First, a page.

How to Apply Topical Corticosteroids

Topical corticosteroids are used for localized or generalized skin conditions. The effects depend on the type of skin you have and the medication you use.
How to Apply Topical Corticosteroids

Last update: 04 May, 2022

Be cautious if you use topical corticosteroids for some skin conditions. There are two common situations. One is the fear of using these drugs, and the other is the possible reactions that can occur by abusing them.

The fear of using corticosteroids comes from thinking that even if applied topically, they could have similar side effects to systematic corticosteroids.

Some of the side effects from systematic corticosteroids are swelling, weight gain, and the risk of developing osteoporosis. However, you should know that if you abuse topical corticosteroids, they can cause similar effects. In fact, this is especially true if they’re very powerful or if you have to use them on larger areas.

On the other hand, the tachyphylaxis that you can experience comes from abusing corticosteroids. This happens because when you apply it, it helps, and you feel good. Because of this, you repeat and repeat it, even though there are consequences.

Side effects of applying topical corticosteroids

The side effects from using topical corticosteroids are mainly on the skin because of how you apply it. For example, the most common side effect is atrophy on the outer layer of the skin. However, some less common side effects are stretch marks, excessive hair growth or acne.

If you’re using topical corticosteroids and don’t see an improvement, go to the doctor right away. He will check your injury and might change your treatment.

A man applying topical corticosteroids.

What factors affect the absorption of topical corticosteroids?

When using topical corticosteroids, keep in mind that their effect and active ingredient depend on a few different factors. For example, some of those are:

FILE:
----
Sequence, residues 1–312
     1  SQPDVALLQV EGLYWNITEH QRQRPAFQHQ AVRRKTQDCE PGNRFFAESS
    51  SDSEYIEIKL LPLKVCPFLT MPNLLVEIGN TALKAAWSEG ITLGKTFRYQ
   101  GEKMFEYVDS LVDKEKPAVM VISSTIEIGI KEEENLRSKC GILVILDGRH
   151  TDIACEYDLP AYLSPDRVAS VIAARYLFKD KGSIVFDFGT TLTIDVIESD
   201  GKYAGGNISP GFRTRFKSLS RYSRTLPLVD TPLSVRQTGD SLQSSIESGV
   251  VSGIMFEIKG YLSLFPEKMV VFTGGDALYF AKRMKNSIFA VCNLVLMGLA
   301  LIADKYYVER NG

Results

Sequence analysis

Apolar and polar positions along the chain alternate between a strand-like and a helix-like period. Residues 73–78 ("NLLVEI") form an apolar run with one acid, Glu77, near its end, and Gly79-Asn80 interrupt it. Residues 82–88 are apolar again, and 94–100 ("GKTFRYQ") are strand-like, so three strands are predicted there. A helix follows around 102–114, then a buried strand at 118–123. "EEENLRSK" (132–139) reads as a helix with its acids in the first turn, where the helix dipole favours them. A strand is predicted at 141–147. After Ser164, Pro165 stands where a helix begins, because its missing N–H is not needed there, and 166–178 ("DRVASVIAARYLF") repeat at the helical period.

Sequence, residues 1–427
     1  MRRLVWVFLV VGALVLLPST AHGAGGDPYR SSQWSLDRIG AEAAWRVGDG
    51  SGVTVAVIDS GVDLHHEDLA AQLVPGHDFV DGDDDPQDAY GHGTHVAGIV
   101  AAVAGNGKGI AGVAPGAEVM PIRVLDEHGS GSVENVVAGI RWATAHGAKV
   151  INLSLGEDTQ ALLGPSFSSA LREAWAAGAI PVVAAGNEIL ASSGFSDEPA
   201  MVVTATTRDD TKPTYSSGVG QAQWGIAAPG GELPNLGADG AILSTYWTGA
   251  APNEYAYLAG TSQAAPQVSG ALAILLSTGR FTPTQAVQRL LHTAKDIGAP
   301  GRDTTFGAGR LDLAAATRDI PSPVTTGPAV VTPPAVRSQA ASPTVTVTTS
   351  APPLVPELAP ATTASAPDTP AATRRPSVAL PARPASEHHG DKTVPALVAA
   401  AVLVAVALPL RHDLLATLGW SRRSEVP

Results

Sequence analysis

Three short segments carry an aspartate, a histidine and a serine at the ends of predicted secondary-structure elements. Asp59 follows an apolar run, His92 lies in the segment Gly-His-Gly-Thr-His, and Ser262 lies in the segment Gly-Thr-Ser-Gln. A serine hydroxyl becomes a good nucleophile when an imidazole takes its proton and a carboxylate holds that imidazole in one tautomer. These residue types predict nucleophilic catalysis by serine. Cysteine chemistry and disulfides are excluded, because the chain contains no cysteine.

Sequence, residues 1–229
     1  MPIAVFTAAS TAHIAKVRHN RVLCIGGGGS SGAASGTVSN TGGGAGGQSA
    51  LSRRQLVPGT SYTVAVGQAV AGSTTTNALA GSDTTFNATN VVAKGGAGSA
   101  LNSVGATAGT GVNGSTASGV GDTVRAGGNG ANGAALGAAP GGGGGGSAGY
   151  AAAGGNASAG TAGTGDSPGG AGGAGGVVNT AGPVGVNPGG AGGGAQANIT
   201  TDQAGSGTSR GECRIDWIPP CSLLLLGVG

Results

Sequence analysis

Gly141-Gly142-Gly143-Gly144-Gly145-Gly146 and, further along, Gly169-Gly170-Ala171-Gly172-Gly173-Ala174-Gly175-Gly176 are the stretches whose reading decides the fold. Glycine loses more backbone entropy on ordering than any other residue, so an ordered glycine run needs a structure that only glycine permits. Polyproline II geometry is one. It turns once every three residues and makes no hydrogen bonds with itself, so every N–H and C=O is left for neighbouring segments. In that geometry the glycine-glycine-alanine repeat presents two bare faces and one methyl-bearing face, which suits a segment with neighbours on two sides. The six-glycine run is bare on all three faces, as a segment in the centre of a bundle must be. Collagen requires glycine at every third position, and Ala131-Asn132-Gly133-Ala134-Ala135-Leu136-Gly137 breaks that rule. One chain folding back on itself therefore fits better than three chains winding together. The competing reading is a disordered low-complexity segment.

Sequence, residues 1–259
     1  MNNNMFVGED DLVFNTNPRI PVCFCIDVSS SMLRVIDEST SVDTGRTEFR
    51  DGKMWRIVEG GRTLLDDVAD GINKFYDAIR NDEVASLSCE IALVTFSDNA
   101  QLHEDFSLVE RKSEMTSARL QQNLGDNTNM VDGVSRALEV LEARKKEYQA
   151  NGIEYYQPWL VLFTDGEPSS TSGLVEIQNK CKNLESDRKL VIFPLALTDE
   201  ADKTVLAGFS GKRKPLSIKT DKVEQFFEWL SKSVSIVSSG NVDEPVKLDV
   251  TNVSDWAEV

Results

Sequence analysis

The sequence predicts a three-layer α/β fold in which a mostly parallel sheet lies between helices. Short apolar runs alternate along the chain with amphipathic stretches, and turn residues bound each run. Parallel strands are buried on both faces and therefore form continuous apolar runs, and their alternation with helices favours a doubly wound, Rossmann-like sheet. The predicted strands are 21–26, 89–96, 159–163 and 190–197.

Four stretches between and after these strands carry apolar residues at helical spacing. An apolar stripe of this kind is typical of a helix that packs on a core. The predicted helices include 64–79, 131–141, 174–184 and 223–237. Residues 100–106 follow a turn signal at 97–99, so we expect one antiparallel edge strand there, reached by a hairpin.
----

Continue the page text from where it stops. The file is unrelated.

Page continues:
Skin permeability

Regarding how it absorbs into your skin, there are a few factors that affect his:

  • Age. The skin is more permeable in kids and the elderly. In fact, the more permeable it is, the greater the effects.
  • Location of the condition. Different areas will have different effects. The most permeable areas are the mucous membranes.
  • Type of condition and condition of the skin. When there are skin lesions, it’s easier to absorb the drug. However, for chronic lesions, the skin thickens. Then, it’s harder to absorb it into your skin.

Type of product

There are different types of products for topical corticosteroids. Among other things, it has to look good, which helps the patient with their treatment.

Solutions and gels usually treat acute dermatitis. However, emulsions and creams are used in subacute lesions. Generally, ointments treat chronic conditions like xerosis.

A person using topical corticosteroids on his arm.

Are all topical corticosteroids the same?

Each medication is made up of a different type of corticosteroid and strength. Your specialist will tell you which treatment is best for you. In addition, they will take into account the strength and possible side effects of each treatment. Choosing a medication includes thinking about the type of patient, the location, and the type of lesion.

Low-power corticosteroids treat facial injuries, and you use them for a maximum of five days. However, if you have to treat an area of the body, they’re usually medium power and you use them for a maximum of ten days.

You should never end a treatment suddenly. If it’s not working, you may have to go from a higher potency to a lower potency. In fact, some doctors recommend alternating with emollient creams to prevent the rebound effect.

Choosing the best one for you

When you have to apply topical corticosteroids, it’s important to choose the best one for you, depending on your treatment. As we explained, an acute pathology isn’t the same as the chronic one, and not all locations are the same.

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